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Title: Diffeomorphic variational models and their fast algorithms for image registration problems
Author: Zhang, D.
Awarding Body: University of Liverpool
Current Institution: University of Liverpool
Date of Award: 2019
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Image registration aims to find an optimal geometric transformation to overlay two or more images of the same scene which are taken at different times, from different perspectives or various sensors. As one of the most fundamental tasks in image processing, image registration has a wide range of applications in computer vision, biological imaging, remote sensing, and medical imaging. In general, image registration involves two images, where one called template is kept transformed, and the other one called reference is kept unchanged. To measure the similarity between the deformed template and the reference, a fidelity term should be chosen. However, only minimizing/maximizing the fidelity term is ill-posed in the sense of Hadamard since it is not sufficient to ensure the uniqueness and continuity of the solution. To overcome this difficulty, regularization is indispensable. Hence, in this thesis, we mainly consider the variational framework. Nowadays, there exist many kinds of different regularizers. Unfortunately, when we solve the variational model for image registration, although we can obtain a visually satisfied deformed template, the corresponding transformation often has foldings and is not physically correct. Hence, over the last decade, more and more researchers have focused on diffeomorphic image registration, whose aim is to find an accurate diffeomorphic mapping, namely the transformation is continuously differentiable, and it has a continuously differentiable inverse. Here, we consider choosing the first-discretize-thenoptimize method to solve the variational model for image registration, namely, first directly discretize the variational model and obtain a finite dimensional optimization problem then choose suitable optimization methods to solve the resulting optimization problem. However, in image registration, the number of variables is usually huge, and the dimension of the resulting optimization problem is huge as well. For example, when the size of the given images is 128 x 64 x 128, the number of unknowns is over 3 million. Hence, designing an efficient and converging solver is also an important issue. This thesis can be mainly classified into two parts: one is how to design the diffeomorphic registration model leading to a diffeomorphic transformation, and the other one is how to develop highly efficient and effective solvers. In the first part, we first propose a new variational model with a special regularizer, based on the quasi-conformal theory, which can guarantee that the registration map is diffeomorphic. Also, since the Beltrami coefficient uses complex analysis and is only defined in 2D space, we further present two new formulations in 3D space motivated by the Beltrami concept and then set our new registration models. We propose a converging Gauss-Newton iterative method to solve the resulting nonlinear optimization problems and prove its convergence. Numerical experiments can demonstrate that the new 2D and 3D models can not only get diffeomorphic registrations even when the deformations are large, but also possess the accuracy in comparing with the state-of-the-art models. In the second part, we consider using the subspace method to accelerate the algorithm. Here, we propose two simple techniques to improve the performance of the standard multilevel Gauss-Newton algorithm. The first technique consists of the possible use of a second step within each iteration of the Gauss-Newton method. This step is computed by minimizing a quadratic approximation of the objective function over a two-dimensional subspace. This subspace is spanned by the steepest descent direction and the L-BFGS direction concerning the current point given by the Gauss-Newton step. The second technique is a modification of the standard coarse-to-fine multilevel strategy. At each level, instead of using the interpolated solution of the previous level directly as the initial point, we try to find a better initial point by minimizing a quadratic approximation of the objective function over the subspace spanned by the interpolated solutions of all the previous levels. Numerical experiments illustrate that the subspace method can significantly reduce the running time compared with the standard multilevel GaussNewton method. Overall, this thesis is concerned with the diffeomorphic variational models and their fast algorithms for image registration problems.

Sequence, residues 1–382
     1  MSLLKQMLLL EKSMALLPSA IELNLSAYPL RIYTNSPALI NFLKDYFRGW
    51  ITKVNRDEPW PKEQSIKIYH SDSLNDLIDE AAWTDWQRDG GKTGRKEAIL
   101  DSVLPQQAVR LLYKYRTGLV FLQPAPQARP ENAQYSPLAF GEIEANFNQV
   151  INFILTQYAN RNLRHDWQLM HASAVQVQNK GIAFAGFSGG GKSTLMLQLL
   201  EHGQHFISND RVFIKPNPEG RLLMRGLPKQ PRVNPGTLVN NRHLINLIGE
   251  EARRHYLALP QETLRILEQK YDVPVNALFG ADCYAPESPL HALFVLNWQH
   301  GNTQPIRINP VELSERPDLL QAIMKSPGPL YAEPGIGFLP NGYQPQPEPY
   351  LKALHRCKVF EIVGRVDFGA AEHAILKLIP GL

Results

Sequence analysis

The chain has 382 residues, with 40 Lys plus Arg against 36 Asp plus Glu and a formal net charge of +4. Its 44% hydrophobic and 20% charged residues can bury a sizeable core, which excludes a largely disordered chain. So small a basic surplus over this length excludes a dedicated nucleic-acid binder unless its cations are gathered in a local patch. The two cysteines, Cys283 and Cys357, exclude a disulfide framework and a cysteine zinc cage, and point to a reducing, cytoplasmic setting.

Supervisor: Chen, Ke Sponsor: Not available
Qualification Name: Thesis (Ph.D.) Qualification Level: Doctoral